|Publication number||US4099695 A|
|Application number||US 05/639,595|
|Publication date||Jul 11, 1978|
|Filing date||Dec 11, 1975|
|Priority date||Dec 11, 1975|
|Publication number||05639595, 639595, US 4099695 A, US 4099695A, US-A-4099695, US4099695 A, US4099695A|
|Inventors||Robert C. Shinn, Jr.|
|Original Assignee||Hollyford Enterprises, Inc.|
|Export Citation||BiBTeX, EndNote, RefMan|
|Patent Citations (10), Referenced by (15), Classifications (18)|
|External Links: USPTO, USPTO Assignment, Espacenet|
In conventional tractor-trailer rigs, the trailer is provided with a king-pin whereby it may be connected to the fifth wheel of the trailer, and landing gear for supporting the trailer when the tractor is disconnected and removed therefrom, whereby the trailer is supported at one end by its rear wheels and at its other end by the landing gear. The trailer is usually loaded or unloaded with the trailer disconnected therefrom and oftentimes the support by the landing gear and the rear wheels of the trailer do not provide the required stability, particularly when a cargo handler, such as a fork lift truck, is employed in the trailer for handling the cargo.
After considerable research and experimentation, the safety stand of the present invention has been devised to provide the trailer with the necessary stabilization when disconnected from the trailer, and comprises, essentially, a portable pedestal supported by a plurality of spring biased casters. The upper end of the pedestal is provided with a top wall having a recess for receiving the trailer king-pin, whereby when placing the safety stand under the trailer the nose of the trailer rests on the top wall, and the king-pin of the trailer is inserted into the recess.
FIG. 1 is a perspective view of the safety stand of the present invention;
FIG. 2 is a top plan view of the safety stand;
FIG. 3 is a fragmentary, side elevational view of the safety stand; and
FIG. 4 is a fragmentary, side elevational view of the stand in operative position underneath the nose of a trailer.
Referring to FIGS. 1 to 3, the trailer safety stand of the present invention comprises a pedestal 1 having a top wall 2 and a recess 3 for receiving the nose portion and king-pin of a trailer, to be described more fully hereinafter. The pedestal is rendered portable by means of a plurality of spring biased casters 4 secured to the side wall of the pedestal.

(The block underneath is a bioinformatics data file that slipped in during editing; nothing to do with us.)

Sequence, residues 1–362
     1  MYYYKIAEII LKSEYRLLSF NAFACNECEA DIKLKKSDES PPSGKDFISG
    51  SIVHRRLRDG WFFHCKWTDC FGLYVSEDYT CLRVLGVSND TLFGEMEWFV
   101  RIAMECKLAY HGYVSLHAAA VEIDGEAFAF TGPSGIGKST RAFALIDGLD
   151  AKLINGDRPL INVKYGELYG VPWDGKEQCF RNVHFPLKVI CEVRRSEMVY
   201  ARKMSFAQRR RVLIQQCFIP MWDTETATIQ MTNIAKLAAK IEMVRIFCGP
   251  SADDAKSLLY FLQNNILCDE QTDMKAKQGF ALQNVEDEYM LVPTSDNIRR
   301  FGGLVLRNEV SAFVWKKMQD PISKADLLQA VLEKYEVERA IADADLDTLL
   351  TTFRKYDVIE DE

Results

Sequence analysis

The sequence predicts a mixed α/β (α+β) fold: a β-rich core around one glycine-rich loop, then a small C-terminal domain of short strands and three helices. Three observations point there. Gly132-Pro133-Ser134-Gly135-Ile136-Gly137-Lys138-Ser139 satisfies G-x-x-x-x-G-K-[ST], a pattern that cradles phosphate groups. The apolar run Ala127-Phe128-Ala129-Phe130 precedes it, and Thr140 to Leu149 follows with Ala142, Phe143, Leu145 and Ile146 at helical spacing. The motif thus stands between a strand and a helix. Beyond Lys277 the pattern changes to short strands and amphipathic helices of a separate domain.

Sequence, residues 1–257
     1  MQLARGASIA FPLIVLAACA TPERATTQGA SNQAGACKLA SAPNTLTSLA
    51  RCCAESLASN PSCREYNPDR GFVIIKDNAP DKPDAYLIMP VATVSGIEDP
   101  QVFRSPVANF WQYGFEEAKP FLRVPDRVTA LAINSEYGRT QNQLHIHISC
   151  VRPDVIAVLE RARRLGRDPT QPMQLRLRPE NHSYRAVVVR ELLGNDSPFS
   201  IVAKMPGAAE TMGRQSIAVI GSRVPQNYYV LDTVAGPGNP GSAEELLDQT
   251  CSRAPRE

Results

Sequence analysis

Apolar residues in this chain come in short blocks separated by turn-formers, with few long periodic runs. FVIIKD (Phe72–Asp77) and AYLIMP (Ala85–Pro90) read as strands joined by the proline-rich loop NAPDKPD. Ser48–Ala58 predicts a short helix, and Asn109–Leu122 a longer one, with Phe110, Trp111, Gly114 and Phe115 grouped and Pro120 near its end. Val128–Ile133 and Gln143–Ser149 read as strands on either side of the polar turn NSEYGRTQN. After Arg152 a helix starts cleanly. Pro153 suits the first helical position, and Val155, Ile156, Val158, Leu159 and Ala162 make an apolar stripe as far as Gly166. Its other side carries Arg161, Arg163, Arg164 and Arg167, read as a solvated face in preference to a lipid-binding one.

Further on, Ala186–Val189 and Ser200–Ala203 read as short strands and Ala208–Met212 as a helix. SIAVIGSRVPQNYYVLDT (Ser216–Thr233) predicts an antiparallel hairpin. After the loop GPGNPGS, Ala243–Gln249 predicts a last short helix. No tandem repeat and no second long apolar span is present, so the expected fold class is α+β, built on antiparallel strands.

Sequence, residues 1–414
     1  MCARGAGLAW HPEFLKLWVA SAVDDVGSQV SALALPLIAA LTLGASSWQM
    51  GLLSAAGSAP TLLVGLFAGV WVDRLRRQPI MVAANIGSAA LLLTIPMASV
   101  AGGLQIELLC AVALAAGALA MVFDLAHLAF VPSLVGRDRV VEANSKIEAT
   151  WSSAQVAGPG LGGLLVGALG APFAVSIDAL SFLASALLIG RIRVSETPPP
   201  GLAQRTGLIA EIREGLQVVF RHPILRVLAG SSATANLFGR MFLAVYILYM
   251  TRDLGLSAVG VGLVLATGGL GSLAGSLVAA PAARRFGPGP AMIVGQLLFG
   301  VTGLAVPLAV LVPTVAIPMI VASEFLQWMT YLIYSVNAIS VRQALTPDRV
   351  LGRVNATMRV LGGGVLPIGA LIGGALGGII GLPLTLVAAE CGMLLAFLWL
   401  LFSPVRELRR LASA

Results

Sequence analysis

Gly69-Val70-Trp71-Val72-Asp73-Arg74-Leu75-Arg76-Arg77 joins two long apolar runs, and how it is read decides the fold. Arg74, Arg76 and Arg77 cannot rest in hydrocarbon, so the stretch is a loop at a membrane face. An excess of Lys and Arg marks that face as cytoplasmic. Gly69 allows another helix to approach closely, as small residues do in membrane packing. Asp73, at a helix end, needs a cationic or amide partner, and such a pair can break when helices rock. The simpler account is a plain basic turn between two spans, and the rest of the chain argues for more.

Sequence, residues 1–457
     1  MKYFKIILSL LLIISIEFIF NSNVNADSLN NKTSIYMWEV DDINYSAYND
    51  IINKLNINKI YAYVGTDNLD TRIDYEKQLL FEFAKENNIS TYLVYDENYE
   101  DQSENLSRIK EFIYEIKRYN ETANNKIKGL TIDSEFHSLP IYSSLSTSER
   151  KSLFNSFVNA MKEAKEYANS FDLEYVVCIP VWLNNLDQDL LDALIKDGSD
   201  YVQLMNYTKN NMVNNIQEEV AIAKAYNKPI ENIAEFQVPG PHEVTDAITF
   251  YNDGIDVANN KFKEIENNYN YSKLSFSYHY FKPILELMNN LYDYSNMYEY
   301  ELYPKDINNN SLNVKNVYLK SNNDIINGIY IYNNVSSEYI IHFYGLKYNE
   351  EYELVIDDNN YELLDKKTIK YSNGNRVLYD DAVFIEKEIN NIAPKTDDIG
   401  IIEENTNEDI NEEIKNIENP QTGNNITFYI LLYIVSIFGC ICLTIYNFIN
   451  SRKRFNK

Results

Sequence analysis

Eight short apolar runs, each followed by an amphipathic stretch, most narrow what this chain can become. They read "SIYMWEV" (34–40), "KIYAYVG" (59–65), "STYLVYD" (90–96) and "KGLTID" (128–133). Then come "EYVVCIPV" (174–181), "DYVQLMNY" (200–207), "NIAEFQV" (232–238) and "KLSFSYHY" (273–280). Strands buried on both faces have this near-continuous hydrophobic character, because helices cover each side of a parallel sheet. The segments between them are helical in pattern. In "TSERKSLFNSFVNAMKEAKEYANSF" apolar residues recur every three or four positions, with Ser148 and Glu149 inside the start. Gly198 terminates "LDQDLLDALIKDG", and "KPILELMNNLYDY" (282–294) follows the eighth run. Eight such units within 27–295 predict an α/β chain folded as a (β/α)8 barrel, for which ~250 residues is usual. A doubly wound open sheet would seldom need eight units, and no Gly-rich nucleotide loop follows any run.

Each spring biased caster 4 comprises a radially outwardly extending arm 4a welded to the side wall of the pedestal and reinforced by a gusset plate 4b welded to the side wall of the pedestal and the upper surface of the arm 4a. The arm 4a is provided with a plurality of apertures for rotatably and slidably receiving the upper end portions of a plurality of bolts 4c having their lower ends rigidly connected to a plate 4d to which a wheel 4e is secured through a bifurcated arm 4f. Each bolt 4c extends through a coil tension spring 4g, the tension of which can be adjusted by nuts 4h threaded on the upper end of the bolt. By the construction and arrangement of the spring biased casters, the pedestal is biased upwardly so that the bottom edge thereof 1a (FIG. 3) is raised from the ground 5.
To facilitate the manipulation of the safety stand, a suitable handle 6 is provided on the side wall of the pedestal.
In the operation of the safety stand, referring to FIG. 4, the pedestal is wheeled underneath the nose 7 of a trailer and the recess 3 is located or aligned with the king-pin 8 of the trailer. With the trailer thus positioned, the landing gear of the trailer is elevated allowing the trailer nose 7 to rest on and be supported by the top wall 2a of the pedestal while the trailer king-pin 8 simultaneously is received in the recess 3. The weight of the trailer pushes the pedestal downwardly, thus compressing springs 4g until the lower edge 1a of the pedestal engages the ground. If desired, the trailer landing gear may then be lowered to further enhance the stability of the trailer.
As will be seen in FIG. 3, the recess 3 for receiving the trailer king-pin is formed as a cup which can contain a suitable lubricant such as grease, whereby the trailer king-pin may become lubricated while being supported by the pedestal, to thereby facilitate its connection with the tractor fifth wheel when subsequently connected thereto.
It is to be understood that the form of the invention herewith shown and described is to be taken as a preferred example of the same, and that various changes in the shape, size and arrangement of parts may be resorted to, without departing from the spirit of the invention or scope of the subjoined claims.
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|U.S. Classification||248/351, 280/79.11, 16/44|
|International Classification||B60S9/18, B62D53/08, B60D1/66, F16M11/42|
|Cooperative Classification||Y10T16/212, F16M11/42, F16M2200/044, B60D1/66, B60S9/18, F16M11/16, B62D53/0857|
|European Classification||B60S9/18, B62D53/08D, F16M11/42, B60D1/66|